It was a restless night. The wind was blowing. Causing the back porch screen door to blow open and then slap back with a loud clap. Eventually, I got up to latch it. Anne thanked me when I returned to bed. It had awoken her too. The latch didn’t hold though and the slap clap of the back door began again. This time, when I got up again, I went down to the basement, out the basement door and retrieved my utility brick by the side of the house. Wending my way back and then to the back porch, I placed the brick outside the screen door, but I couldn’t quite place it as close as I would like, which allowed the screen door to still slap clap, but at a much reduced volume. Sleep eventually found me again.
In the morning, it was raining cats and dogs and I was awoken again by the boom of thunder. I got soaked fetching the paper. The morning rain, gave way to a pleasant afternoon and we went for a walk. The sun even peaked out for a while. It was warm enough that we extended our regular walk. We went to Starbucks for late afternoon lattes. On the way home, the skies darken again, but radar indicated that we were in no immediate danger. Later, NPR sounded a thunderstorm alarm, but the squall line passed uneventfully to our north.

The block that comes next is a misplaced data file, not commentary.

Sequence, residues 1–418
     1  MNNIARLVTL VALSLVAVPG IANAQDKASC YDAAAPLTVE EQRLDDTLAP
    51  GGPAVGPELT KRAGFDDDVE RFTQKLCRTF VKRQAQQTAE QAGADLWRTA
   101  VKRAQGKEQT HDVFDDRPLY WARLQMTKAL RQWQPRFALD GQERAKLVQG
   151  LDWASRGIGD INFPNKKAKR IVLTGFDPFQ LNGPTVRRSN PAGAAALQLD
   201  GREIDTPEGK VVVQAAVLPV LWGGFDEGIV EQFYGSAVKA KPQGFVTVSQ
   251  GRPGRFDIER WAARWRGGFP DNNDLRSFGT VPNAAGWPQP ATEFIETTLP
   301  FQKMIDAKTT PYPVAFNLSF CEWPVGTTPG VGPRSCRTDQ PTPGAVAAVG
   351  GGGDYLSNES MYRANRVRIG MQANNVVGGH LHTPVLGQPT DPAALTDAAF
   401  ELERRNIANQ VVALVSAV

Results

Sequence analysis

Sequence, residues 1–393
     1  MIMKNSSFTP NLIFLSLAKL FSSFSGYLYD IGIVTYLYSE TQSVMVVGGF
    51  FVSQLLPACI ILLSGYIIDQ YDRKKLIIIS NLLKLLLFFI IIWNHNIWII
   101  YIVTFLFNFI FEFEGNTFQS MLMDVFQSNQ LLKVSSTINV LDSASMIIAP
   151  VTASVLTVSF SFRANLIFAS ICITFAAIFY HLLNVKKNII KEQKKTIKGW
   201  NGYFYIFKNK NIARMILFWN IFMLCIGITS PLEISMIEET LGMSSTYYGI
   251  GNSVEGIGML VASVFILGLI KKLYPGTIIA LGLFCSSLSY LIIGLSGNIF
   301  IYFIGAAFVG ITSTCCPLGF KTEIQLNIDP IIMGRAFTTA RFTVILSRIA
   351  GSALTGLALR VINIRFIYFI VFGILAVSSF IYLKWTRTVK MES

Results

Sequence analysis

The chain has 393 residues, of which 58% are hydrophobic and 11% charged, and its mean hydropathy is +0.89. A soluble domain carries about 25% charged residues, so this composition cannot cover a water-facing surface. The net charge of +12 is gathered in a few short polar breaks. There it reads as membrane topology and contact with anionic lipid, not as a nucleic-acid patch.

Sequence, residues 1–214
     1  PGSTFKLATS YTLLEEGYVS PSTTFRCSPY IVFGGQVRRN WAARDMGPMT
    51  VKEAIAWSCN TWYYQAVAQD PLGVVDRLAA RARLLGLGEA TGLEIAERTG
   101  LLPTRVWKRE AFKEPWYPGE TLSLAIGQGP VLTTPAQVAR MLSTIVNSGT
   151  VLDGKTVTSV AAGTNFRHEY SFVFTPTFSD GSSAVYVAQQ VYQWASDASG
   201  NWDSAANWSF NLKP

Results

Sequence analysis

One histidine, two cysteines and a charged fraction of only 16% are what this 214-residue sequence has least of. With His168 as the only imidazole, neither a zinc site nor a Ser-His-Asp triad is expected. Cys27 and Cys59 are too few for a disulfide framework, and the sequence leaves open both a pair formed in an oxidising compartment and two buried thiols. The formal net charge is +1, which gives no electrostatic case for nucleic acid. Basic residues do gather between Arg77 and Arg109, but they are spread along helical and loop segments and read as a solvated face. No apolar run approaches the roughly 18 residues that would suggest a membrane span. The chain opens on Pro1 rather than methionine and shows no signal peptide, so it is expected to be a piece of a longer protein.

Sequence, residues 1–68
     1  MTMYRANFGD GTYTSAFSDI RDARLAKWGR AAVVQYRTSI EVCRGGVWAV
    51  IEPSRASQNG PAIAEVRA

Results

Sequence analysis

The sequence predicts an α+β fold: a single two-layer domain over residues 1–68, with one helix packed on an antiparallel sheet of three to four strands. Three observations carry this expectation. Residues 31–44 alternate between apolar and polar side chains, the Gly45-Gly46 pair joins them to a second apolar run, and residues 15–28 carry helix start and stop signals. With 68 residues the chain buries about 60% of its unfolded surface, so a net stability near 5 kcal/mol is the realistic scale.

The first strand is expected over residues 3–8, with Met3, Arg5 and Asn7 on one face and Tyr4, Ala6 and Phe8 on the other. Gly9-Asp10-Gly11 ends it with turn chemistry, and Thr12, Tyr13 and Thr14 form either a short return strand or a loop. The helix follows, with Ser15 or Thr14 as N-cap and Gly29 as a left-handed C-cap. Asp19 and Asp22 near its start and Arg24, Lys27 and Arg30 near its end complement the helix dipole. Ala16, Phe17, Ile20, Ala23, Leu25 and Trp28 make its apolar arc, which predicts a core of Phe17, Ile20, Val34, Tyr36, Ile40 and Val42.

The wind came up again, causing the digital broadcast TV signal to disintegrate across the screen. We switched to Netflix and its wi-fi Chrome-casted signal. We binged the remainder of Russian Doll, which morphed into a buddy movie for uptight New Yorkers. Then watched SNL. By then the wind had subsided.
This morning dawned cold, but bright. For some reason, we got up an hour later than we had expected to. Winter storm Taylor had passed to the east, but not without leaving one last calling card. Our sign of inclusion had been blown up the street. This is one of those signs that reads, “No matter where you are from, we are glad that you are our neighbor.” A message that is repeated in Spanish and Arabic. Undamaged, I replanted it. It looks like it will be a nice day.